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Why We Should Build For Wildlife as well as People

BBC - Future Planet - July 27th, 2021

Every time we build something, another patch of ground that could have been a home to wildlife disappears. But Dusty Gedge argues that, in many cases, we can return that patch of ground to nature – up on the roof.

Gedge, president of the European Federation of Green Roof and Living Wall Associations, is a long-time advocate of carpeting flat roofs with soil, mosses, plants and even ponds. Some studies have suggested that green roofs on taller buildings might be exposed to too much wind or solar radiation for some species. When I ask Gedge what he makes of this, he says, “I just want to scream.”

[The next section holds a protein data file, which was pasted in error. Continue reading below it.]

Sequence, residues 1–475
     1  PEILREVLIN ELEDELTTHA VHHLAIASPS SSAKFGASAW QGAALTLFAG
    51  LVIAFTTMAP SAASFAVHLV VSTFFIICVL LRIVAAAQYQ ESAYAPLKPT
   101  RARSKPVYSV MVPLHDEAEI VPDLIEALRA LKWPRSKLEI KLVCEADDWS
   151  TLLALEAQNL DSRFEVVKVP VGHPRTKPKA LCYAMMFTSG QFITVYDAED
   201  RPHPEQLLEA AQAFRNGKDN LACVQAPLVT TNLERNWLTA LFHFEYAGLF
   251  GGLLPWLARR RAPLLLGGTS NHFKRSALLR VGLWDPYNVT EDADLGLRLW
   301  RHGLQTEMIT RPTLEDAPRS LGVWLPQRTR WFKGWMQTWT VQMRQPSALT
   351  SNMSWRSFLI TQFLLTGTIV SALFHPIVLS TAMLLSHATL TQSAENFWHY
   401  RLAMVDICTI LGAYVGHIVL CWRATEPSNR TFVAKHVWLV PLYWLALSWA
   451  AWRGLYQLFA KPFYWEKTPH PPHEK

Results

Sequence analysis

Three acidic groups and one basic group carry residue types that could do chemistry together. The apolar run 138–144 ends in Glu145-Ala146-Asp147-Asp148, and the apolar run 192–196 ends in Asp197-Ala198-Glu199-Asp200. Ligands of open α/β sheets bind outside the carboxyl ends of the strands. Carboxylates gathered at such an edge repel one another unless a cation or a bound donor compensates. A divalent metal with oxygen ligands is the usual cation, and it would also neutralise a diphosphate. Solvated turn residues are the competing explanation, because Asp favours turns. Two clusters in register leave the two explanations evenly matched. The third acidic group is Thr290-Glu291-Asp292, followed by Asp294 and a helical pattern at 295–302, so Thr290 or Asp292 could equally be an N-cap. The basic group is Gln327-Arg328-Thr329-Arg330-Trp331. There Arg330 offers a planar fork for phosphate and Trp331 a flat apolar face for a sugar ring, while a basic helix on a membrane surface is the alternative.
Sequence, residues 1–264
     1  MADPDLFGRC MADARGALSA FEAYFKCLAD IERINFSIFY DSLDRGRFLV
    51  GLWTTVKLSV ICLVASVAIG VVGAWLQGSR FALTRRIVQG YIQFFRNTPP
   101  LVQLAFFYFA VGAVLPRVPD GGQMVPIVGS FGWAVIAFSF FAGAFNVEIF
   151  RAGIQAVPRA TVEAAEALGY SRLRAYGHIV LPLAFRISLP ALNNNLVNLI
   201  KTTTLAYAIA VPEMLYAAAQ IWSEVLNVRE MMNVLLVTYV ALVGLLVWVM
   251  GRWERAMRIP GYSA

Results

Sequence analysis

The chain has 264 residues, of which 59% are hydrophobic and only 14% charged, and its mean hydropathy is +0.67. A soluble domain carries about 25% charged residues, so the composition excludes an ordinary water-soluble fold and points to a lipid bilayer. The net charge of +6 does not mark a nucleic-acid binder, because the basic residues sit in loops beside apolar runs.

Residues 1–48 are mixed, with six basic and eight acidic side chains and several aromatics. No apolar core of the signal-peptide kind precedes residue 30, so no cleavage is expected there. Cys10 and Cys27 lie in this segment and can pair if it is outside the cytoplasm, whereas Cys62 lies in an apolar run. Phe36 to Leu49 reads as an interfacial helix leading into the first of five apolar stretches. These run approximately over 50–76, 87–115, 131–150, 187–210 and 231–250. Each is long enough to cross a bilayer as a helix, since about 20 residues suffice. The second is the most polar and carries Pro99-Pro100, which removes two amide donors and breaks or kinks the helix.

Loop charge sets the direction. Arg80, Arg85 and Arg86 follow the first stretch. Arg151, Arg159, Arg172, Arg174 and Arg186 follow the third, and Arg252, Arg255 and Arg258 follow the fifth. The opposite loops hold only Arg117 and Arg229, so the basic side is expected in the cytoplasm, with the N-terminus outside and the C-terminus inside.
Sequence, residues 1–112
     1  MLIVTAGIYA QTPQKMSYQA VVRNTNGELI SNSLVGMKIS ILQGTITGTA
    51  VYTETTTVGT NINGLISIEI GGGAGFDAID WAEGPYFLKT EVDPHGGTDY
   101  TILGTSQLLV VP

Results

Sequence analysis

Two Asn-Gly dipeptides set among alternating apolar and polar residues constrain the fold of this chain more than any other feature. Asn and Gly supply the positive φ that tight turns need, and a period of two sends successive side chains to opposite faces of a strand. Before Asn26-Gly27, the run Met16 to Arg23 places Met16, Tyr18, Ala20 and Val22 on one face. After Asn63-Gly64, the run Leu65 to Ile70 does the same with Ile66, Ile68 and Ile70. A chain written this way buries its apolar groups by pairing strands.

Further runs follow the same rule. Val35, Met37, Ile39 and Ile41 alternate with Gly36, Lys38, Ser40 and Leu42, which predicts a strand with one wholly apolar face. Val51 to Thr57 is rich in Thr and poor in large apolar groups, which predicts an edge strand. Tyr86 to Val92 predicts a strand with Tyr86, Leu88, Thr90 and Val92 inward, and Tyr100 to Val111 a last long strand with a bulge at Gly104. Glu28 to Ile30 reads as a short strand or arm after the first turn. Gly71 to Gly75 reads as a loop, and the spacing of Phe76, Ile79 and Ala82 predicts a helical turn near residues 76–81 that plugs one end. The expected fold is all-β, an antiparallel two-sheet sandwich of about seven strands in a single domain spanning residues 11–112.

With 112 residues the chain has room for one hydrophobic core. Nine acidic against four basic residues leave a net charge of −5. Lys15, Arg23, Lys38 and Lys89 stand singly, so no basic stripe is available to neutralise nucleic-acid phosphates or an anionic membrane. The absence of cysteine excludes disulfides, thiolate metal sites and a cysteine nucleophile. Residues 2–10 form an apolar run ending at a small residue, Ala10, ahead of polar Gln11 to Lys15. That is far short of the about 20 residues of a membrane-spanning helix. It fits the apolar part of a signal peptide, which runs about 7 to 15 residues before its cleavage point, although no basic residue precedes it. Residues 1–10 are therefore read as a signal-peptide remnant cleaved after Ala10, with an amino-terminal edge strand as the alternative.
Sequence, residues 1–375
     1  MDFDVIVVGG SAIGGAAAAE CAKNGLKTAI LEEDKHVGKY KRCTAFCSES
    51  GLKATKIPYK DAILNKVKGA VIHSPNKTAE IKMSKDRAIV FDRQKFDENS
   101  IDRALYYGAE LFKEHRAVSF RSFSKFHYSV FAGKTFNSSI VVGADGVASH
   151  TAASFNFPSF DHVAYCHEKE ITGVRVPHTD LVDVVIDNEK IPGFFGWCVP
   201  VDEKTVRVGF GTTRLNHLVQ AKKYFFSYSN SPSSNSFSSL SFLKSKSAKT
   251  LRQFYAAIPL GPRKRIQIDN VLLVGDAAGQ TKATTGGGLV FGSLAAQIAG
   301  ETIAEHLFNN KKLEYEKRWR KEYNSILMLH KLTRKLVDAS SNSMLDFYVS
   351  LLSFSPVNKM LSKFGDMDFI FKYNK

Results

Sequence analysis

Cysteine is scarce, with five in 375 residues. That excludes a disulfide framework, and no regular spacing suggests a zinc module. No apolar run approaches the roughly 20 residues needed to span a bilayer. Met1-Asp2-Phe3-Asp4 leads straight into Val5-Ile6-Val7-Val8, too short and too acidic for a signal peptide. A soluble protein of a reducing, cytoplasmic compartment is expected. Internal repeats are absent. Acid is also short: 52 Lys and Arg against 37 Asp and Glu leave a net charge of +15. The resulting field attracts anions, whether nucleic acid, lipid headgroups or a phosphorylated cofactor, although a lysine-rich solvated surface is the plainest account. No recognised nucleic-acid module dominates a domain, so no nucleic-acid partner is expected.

Instead, he describes a plethora of cases that reveal just how biodiverse green roofs can be. He’s witnessed birds flying to high-rise roofs, populations of rare butterflies dancing around flowers, orchids blossoming, and insects scurrying around, including grasshoppers.

These visions of wildlife atop city buildings aren’t just picturesque, they’re often hailed as one solution to the world’s rapid loss of nature. A 2007 study led by cultural botanist Erica Oberndorfer at Saint Mary’s University, Halifax in Canada, noted that green roofs can provide habitats for various species, reduce heavy run-off of storm water from buildings and even help to cool interiors.

Green roofs provide space for plants, birds and insects in the heart of sprawling cities (Credit: Getty Images)
Green roofs provide space for plants, birds and insects in the heart of sprawling cities (Credit: Getty Images)